[movitz-devel] Re: Drivers, standards and design

Frode Vatvedt Fjeld ffjeld at common-lisp.net
Wed Jan 24 22:51:40 UTC 2007

M Bealby <mbealby at gmail.com> writes:

> Between attempting to code device drivers for movitz I have been
> thinking about how the drivers currently work.  Currently, the drivers
> are completely separate from one another.  However, I was wondering if
> anyone had thought about providing some higher level hardware
> information to any running applications.
> By this I mean that during startup, movitz would probe for any
> hardware it understands and create information lists for each
> device.  I envision a list to be constructed of an identifier to
> explain what the device type is, followed by the parameters of that
> device.  One example (for a serial port) would be:
> ([serial-port-key] [uart-address] [baud-rate])
> Then, following this probe procedure, creating a list called
> something like hardware-info, which contains all of the lists for
> discovered hardware.

This is good and well, but I'd like to add one perspective to this
picture: Think of the list of device (-driver) descriptors as a
program, the probe procedure as an evaluator of that language, and the
list of detected hardware as the output of the program's
evaluation. Now, I suggest that plain Lisp (possibly augmentet by some
appropriate macros) would work very well in the role of this language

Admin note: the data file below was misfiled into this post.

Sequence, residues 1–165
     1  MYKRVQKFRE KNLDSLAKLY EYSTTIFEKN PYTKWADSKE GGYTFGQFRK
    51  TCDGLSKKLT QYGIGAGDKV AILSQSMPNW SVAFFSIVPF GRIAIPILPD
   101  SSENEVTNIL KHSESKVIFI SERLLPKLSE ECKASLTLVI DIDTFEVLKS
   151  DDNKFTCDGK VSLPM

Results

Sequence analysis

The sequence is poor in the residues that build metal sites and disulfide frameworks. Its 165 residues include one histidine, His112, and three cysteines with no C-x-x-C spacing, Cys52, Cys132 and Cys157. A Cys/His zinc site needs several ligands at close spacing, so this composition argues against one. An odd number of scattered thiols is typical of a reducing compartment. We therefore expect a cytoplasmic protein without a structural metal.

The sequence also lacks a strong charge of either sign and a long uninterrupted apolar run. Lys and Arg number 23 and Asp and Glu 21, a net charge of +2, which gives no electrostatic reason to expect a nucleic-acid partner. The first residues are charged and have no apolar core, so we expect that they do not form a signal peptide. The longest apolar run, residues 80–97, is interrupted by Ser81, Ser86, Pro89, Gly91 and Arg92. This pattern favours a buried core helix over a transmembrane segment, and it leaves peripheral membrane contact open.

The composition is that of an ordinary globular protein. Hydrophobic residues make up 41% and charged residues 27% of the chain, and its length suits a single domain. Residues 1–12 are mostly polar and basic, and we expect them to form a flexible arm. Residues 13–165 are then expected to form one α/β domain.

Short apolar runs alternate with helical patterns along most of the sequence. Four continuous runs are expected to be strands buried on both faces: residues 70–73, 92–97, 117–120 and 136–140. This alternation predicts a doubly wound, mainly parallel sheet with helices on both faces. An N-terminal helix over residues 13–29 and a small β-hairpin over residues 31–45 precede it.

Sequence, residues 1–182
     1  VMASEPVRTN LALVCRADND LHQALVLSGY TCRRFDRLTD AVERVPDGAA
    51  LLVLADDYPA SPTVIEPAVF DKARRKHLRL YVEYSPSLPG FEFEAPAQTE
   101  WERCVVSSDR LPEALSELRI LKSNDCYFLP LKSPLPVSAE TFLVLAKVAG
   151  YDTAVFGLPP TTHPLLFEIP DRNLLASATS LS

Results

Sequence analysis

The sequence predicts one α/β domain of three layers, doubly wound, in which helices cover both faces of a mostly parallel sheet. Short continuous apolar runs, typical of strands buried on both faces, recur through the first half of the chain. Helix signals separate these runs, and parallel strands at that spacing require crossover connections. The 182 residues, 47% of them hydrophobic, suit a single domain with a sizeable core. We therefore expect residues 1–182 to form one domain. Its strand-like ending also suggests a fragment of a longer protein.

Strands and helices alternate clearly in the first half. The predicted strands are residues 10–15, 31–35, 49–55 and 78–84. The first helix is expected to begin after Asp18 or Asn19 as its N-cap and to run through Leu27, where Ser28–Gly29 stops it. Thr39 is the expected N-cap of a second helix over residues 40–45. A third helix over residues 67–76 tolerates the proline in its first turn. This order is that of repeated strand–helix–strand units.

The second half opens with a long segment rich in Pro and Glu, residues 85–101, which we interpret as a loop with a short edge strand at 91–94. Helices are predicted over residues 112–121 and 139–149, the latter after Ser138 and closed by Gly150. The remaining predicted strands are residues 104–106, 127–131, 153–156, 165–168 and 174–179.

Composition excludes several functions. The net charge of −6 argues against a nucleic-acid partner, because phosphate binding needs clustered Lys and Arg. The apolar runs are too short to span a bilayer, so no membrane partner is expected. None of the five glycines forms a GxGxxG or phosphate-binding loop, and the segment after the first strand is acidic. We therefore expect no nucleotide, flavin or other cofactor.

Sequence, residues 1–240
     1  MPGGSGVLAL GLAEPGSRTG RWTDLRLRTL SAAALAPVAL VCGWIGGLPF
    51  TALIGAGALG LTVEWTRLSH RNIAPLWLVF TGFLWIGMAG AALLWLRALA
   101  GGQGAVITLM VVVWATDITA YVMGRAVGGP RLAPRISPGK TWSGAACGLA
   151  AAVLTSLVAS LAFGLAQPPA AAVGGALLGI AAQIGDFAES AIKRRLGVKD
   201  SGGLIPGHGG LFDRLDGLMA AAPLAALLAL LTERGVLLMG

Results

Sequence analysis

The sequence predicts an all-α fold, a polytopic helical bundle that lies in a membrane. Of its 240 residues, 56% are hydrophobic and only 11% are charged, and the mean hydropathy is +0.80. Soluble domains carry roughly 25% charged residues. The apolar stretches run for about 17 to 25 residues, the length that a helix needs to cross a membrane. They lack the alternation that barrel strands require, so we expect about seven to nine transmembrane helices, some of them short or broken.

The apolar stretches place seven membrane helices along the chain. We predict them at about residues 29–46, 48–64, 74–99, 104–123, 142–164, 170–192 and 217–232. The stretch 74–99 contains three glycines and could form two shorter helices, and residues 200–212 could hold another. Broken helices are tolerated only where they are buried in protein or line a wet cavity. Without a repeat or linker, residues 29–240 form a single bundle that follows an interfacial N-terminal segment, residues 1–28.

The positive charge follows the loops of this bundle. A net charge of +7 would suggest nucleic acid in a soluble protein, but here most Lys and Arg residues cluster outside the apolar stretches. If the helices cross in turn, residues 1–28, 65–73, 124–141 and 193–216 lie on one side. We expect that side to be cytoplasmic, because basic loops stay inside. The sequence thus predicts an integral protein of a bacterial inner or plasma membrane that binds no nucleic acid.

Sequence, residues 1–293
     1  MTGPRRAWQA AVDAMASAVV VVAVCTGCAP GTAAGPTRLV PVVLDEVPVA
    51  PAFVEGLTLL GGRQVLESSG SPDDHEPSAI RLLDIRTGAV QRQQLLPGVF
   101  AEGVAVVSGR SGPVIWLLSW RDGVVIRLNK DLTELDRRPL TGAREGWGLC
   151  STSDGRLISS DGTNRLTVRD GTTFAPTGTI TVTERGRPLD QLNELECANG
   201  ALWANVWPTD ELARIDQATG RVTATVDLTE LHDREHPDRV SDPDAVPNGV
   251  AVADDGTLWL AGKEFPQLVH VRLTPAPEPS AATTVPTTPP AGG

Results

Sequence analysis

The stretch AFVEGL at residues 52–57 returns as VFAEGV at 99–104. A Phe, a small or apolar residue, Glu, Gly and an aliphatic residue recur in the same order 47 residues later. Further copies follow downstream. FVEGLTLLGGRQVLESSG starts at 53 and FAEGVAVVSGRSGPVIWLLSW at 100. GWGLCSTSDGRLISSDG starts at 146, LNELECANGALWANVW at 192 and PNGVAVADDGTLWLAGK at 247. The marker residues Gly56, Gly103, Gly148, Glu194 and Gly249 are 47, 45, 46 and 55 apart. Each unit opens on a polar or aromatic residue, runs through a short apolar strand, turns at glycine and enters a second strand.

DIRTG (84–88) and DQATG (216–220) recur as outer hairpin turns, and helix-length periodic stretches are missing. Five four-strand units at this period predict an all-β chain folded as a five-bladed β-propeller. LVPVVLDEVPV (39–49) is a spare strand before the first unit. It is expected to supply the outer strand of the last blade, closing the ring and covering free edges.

and evaluator. Or in other words, I suspect that the probing and
book-keeping of devices is one of the things that will turn out to be
entirely trivial in Movitz, even if it tends to be complicated in unix
and the like. At least so long as everything lives inside a single
address space and objects (i.e. driver instances) can be easily passed
around by reference. 

What I percieve to be more of a challenge, is shared resource
management in various forms. For example, how to express "call this
function in 10 milliseconds" (i.e. sharing the timer), etc.

> This would only require minor modifications to the current drivers
> (the add and remove hardware functions) while providing a framework
> to which new drivers could be built upon.

I'd like to note that the current "drivers" are mostly more or less
sketches, providing some bare essentials but usually nothing in the
way of resource management or anything else that requires some
overarching structure. Improvements and suggestions are welcome, of

Frode Vatvedt Fjeld

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